Action in the first round of the NCAA Men’s Basketball Tournament drew strong crowds to Gainbridge Fieldhouse on Thursday.
The four games played in downtown Indianapolis drew about 32,610 total spectators throughout the day, split between afternoon and evening sessions that each featured two contests. The first session consisted of South Regional games while the second contests were played in the East Regional.
The first session—consisting of a 75-63 upset win by No. 11-seed University of Michigan over No. 6 Colorado State University and an 88-56 drubbing of No. 14 Longwood University by No. 3 University of Tennessee—drew 15,782 spectators.
The second session drew 16,828 people, who saw a pair of overtime games: a monumental upset of the second-seeded University of Kentucky by 15th-seeded St. Peter’s University, 85-79, and a 92-87 victory by 7th-seed Murray State University over the No. 10 University of San Francisco.
The capacity of Gainbridge Fieldhouse for basketball is just under 18,000.
Ryan Vaughn, president of Indiana Sports Corp., which is helping conduct the event, said he was pleased with the turnout for Thursday’s game. There were more than three times as many fans for the opening-round games this year than the number that attended the 2021 contests at the fieldhouse—specifically because there are no longer capacity restrictions in place due to the COVID-19 pandemic.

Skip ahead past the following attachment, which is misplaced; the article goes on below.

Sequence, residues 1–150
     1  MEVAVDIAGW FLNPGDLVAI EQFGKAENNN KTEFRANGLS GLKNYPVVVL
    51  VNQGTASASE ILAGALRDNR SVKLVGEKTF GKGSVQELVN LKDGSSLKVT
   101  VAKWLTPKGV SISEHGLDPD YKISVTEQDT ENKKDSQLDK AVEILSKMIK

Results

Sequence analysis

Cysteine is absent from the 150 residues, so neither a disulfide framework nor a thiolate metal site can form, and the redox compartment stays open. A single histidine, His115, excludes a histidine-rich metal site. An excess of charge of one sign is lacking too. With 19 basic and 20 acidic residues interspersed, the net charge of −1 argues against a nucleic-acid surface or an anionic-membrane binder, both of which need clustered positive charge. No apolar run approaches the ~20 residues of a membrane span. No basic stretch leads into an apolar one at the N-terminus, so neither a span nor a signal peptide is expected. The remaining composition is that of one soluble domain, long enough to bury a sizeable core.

When Indiana hosted the entire NCAA men’s basketball tournament last year, there was a blanket capacity limit of 25% for all games and venues.
“The energy of the building is just so different—it’s louder and there’s more people from different places,” Vaughn said. “It’s always nice when it’s a 70 degree and sunny day, and St. Patrick’s Day, too, to drive these fans downtown.”
It’s expected that tickets to Saturday’s second-round games, which tip off at 5:15 p.m., will be much easier—and cheaper—to come by following St. Peter’s upset of Kentucky. In fact, tickets on the secondary market that were selling in the low-$100 range on Thursday have since dropped to about $50 or less.
Despite the absence of Kentucky, which has a huge fan base, Vaughn said he expects solid ticket sales for the second round because it is being played on a weekend.
“We’re still getting some calls for tickets,” he said. “Tennessee and Michigan are still very close. So expect Saturday to be as good of an atmosphere as we had on Thursday, for sure.”
Vaughn also described this year’s tournament rounds as more of a “sports tourism moment” for the city than last year, because there are generally more people engaging with each other and coming from different locales. In 2021, many of the fans who attended games came from nearby.
“It’s really kind of an apples-to-oranges comparison to last year, which was a once-in-a-lifetime opportunity for the NCAA and our community,” he said. “It’s more of a sports tourism moment because there are folks from the regions where these teams are from that are traveling to Indianapolis, whereas last year it wasn’t as much a tourism moment as it was a community moment.”